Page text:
In many respects, John Proctor in The Crucible answers to the traditional definition of a tragic hero. First of all, John's downfall evokes pity and fear in the audience. We feel that John, for all his faults, is basically a good man, and so we feel pity towards him as he endures the ordeal of being falsely accused of witchcraft. John is completely innocent, and there's nothing like the sufferings of an innocent man or woman to evoke pity. We also feel fear, as we know what terrible fate awaits John in the event of his being found guilty of such a serious crime.
Like any classical tragic hero, John also has a tragic flaw in that he's determined to defend his family's good name at all costs. It's this flaw that holds him back from going to the court at the earliest opportunity and telling the judges what Abigail Williams told him: that what the girls got up to that night in the forest was only sport and that Betty's illness had nothing whatsoever to do with witchcraft.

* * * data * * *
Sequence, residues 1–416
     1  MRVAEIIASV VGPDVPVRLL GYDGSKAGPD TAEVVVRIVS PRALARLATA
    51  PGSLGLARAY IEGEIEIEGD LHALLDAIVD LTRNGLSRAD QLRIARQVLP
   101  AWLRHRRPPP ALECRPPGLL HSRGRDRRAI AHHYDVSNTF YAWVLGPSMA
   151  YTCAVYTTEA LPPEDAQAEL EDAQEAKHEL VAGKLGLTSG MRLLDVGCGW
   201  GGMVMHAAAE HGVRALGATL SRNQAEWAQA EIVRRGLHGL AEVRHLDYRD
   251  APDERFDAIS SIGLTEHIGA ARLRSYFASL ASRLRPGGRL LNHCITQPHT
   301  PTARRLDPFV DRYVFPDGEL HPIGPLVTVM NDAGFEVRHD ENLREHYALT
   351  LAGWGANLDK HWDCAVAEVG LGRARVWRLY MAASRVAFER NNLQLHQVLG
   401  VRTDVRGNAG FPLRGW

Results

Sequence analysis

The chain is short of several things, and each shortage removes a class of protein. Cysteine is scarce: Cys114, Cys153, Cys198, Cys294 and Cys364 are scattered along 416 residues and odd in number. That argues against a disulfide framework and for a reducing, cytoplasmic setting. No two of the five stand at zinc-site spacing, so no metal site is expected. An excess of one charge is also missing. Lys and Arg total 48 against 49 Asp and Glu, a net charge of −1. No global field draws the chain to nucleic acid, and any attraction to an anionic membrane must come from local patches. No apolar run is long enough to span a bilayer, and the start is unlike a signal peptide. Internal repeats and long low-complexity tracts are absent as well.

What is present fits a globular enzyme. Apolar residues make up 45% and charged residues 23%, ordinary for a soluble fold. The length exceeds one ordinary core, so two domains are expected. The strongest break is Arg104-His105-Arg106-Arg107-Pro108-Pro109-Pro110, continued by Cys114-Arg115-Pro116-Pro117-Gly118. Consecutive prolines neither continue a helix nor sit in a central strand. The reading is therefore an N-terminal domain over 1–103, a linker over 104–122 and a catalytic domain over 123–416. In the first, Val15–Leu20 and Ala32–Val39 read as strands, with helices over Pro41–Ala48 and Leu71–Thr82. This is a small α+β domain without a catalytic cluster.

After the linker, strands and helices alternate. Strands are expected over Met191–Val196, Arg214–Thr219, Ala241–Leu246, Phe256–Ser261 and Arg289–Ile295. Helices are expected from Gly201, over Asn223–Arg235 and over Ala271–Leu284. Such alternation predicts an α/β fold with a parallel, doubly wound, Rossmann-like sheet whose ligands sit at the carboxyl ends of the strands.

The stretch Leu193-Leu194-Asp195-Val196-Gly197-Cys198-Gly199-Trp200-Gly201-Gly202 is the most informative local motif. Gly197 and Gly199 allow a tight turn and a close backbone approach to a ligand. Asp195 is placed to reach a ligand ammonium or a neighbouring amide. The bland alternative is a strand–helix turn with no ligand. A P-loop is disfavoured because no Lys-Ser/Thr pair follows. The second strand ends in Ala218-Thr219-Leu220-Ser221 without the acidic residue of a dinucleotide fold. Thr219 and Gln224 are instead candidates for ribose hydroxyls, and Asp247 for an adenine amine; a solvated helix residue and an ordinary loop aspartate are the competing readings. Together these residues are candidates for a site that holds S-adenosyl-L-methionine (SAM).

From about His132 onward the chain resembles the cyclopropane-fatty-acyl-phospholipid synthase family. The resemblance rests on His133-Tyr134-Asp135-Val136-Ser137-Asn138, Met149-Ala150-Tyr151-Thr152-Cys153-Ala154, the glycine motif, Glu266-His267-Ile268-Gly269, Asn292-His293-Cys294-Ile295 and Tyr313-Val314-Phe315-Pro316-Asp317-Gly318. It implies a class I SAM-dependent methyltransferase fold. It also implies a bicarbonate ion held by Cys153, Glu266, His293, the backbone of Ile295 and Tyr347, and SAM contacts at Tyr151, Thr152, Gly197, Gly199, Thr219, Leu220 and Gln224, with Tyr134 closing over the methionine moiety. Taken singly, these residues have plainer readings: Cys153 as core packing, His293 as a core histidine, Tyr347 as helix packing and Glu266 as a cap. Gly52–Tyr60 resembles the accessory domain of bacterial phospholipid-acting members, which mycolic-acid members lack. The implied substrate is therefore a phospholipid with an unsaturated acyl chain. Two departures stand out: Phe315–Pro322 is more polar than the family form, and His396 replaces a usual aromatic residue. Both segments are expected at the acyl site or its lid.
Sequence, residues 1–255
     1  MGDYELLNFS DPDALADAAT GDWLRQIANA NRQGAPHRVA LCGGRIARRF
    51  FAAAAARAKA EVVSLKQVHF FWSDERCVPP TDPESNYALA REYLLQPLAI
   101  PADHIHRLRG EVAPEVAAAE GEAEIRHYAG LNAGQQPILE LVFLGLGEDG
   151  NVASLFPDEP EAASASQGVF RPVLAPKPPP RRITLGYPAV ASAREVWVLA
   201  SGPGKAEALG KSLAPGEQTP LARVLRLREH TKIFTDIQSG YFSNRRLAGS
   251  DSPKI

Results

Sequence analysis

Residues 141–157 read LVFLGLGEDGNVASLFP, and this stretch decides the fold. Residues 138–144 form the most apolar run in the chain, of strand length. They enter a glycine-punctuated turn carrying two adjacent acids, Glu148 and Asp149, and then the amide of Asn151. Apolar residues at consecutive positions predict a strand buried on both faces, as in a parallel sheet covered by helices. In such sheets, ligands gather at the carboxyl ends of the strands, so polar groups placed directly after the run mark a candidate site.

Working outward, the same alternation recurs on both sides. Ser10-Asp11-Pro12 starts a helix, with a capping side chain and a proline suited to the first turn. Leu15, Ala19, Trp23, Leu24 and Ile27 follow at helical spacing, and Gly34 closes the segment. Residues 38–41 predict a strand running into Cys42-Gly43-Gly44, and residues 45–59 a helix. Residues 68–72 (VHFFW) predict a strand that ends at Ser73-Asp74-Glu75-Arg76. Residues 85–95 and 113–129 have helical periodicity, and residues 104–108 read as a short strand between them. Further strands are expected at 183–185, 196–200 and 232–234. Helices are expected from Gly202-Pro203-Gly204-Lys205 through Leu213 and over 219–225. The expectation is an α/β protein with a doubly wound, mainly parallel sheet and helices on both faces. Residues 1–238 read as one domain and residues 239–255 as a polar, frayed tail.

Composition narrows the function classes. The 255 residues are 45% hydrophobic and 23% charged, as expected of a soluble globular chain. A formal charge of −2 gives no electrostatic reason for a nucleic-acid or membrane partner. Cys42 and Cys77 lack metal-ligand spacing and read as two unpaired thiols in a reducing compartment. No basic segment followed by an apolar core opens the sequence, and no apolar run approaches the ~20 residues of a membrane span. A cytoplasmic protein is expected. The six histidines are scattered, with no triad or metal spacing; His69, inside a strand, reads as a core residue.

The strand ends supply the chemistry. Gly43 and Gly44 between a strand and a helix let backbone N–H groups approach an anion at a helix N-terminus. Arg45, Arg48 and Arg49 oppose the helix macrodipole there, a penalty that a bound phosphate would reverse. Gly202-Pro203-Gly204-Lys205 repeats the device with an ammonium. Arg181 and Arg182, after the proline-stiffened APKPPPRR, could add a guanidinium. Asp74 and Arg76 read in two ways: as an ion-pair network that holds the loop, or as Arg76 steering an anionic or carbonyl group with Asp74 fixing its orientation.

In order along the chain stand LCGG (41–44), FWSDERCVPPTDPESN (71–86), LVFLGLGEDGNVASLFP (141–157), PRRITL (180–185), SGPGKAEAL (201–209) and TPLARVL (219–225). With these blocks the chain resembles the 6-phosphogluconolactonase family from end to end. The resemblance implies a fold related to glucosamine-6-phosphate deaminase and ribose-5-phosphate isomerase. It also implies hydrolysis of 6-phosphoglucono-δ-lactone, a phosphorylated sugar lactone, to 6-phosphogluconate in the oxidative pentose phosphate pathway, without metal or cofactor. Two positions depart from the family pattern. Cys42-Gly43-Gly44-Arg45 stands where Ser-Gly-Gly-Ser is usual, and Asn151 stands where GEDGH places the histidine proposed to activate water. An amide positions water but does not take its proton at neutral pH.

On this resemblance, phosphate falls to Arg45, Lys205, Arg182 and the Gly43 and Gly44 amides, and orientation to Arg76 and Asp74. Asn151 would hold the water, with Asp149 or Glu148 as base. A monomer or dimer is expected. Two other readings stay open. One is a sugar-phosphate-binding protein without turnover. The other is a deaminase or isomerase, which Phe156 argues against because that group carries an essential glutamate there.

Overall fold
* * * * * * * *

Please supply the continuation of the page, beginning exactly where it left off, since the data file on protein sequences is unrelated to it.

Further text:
John's pride at his family name prevents him from doing the right thing on this occasion; he doesn't want the Proctor name to be sullied by association with Abigail. Yet, ironically, the Proctor name will, in due course, come to be associated with her in any case, after John dumps her and she starts flinging false accusations at John and his wife Elizabeth.